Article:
The 2020-21 Indian domestic cricket season has not been ruled out completely, but is set to be delayed by a few months due to COVID-19 pandemic and would only start in the New Year. The suggestion was tabled by players’ representative on the Indian cricket board’s Apex Council, Shantha Rangaswamy.
Usually, the domestic season lasts from October to April.
At the virtual meeting of the council of the Board of Control for Cricket in India (BCCI), the members discussed “a number of options” for the domestic season, but a final decision would depend on what stage the pandemic has reached at the time, i.e. around early next year.
The tournaments will have to comply with existing COVID protocols whenever they are scheduled in different states of the country.
The start of the domestic season would depend totally on factors such as how long the window would be, medical protocols vis-a-vis Covid, and permission from different state governments.
“The cricket operations department of the BCCI has prepared a number of options for different windows that might be available for domestic tournaments. These have been given to the office-bearers, and it will entirely depend on them — and, of course, the Covid-related medical protocols of the Central and the state governments, which have different local rules,” a source told IANS.
It is understood that if the domestic tournaments take place, in whatever timeframe period, the premier national championship for Ranji Trophy is unlikely to be played in the existing format – Elite Group A, B, and C, besides the Plate Group.
“But it is virtually impossible to create a bio-bubble for each of the 38 teams that compete in Ranji Trophy and in other tournaments,” said the source.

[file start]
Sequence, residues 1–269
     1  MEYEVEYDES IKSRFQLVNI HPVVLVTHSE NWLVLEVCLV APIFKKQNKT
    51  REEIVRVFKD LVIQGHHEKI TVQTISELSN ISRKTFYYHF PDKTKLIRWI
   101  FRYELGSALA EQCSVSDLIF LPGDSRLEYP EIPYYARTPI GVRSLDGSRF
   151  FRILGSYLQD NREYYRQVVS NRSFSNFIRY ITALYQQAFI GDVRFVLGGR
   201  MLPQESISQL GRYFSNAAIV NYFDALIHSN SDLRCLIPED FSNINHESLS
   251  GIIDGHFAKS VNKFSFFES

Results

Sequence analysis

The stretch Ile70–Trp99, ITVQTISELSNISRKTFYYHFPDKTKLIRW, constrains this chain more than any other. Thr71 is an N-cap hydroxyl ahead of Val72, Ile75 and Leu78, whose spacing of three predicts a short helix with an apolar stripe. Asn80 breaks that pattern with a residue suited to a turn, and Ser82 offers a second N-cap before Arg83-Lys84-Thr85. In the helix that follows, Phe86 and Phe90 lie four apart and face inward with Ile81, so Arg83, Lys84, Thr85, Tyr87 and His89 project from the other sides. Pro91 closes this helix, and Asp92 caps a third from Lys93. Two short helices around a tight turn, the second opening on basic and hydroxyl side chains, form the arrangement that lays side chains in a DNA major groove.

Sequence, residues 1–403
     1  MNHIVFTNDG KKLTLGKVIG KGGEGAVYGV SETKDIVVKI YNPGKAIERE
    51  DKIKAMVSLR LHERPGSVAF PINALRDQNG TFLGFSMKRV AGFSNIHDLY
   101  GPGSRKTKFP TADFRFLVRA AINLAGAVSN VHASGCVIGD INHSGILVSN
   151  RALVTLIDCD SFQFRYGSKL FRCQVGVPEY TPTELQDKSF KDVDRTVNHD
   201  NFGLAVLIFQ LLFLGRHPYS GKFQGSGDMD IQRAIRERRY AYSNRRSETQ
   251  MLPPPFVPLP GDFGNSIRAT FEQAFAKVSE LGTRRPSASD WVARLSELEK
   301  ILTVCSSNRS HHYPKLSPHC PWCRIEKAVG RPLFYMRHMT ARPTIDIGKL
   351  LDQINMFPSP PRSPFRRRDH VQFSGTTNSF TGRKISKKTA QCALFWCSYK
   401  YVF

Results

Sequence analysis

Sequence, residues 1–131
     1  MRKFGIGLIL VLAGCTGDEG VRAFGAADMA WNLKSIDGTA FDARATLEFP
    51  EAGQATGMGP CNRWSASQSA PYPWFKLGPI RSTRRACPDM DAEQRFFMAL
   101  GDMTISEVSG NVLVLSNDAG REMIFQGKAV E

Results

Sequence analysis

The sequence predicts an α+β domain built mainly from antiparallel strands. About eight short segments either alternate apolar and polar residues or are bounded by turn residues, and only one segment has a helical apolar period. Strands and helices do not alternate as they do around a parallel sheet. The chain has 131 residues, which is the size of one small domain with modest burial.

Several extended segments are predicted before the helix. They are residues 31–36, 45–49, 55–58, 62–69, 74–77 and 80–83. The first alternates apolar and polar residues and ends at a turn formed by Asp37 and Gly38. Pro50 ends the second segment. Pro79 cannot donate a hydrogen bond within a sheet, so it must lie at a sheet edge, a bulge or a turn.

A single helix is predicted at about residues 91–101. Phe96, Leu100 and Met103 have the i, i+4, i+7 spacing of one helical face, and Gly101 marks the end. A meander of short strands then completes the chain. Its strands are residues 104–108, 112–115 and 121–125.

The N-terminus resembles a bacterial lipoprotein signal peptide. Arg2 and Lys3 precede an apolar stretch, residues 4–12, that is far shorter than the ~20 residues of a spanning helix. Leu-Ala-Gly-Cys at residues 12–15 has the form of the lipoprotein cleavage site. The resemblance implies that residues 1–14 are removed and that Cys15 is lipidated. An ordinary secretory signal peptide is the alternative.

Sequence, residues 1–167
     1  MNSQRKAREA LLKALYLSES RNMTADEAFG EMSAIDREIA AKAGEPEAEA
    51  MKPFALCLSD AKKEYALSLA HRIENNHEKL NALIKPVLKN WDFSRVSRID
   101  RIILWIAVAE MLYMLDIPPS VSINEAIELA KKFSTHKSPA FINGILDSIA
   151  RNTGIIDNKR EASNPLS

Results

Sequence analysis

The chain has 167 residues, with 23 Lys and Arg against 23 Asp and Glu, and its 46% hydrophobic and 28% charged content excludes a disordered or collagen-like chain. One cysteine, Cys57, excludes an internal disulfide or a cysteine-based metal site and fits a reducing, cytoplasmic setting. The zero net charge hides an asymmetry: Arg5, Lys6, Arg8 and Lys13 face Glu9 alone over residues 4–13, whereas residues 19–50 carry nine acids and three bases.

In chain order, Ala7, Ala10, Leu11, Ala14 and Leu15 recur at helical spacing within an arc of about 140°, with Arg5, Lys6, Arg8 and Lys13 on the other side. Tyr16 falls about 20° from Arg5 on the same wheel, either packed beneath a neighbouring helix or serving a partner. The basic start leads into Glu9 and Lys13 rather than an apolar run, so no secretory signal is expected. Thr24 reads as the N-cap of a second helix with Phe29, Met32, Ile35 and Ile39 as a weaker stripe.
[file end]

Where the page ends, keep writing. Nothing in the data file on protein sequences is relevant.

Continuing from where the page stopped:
On Friday, Shantha Rangaswamy had told IANS that she was going to suggest at the meeting a February-to-September, or February-to-December, domestic season.
“I think age-group cricketers or women cricketers can lose interest and enthusiasm if they don’t get to play. So, I will suggest that they have the season from February till September, and could extend it till December, if required. Maybe, we can have this way for a couple of years; have tournaments at limited venues, and by creating a bio-bubble,” Rangaswamy, the female players’ representative on the council, told IANS.
There are, however, a lot of ‘ifs’ and ‘buts’ in organising. The president of a state cricket association pointed out another possible hitch in staging Ranji Trophy and other national tournaments, like T20 Syed Mushtaq Ali Trophy.
“Even if the BCCI decides to hold matches within each of the five zones — which is an option being floated around — in cities that have more than one grounds, will there be enough rooms in hotels to accommodate so many teams while adhering to the Covid-19 protocols?” he asked.
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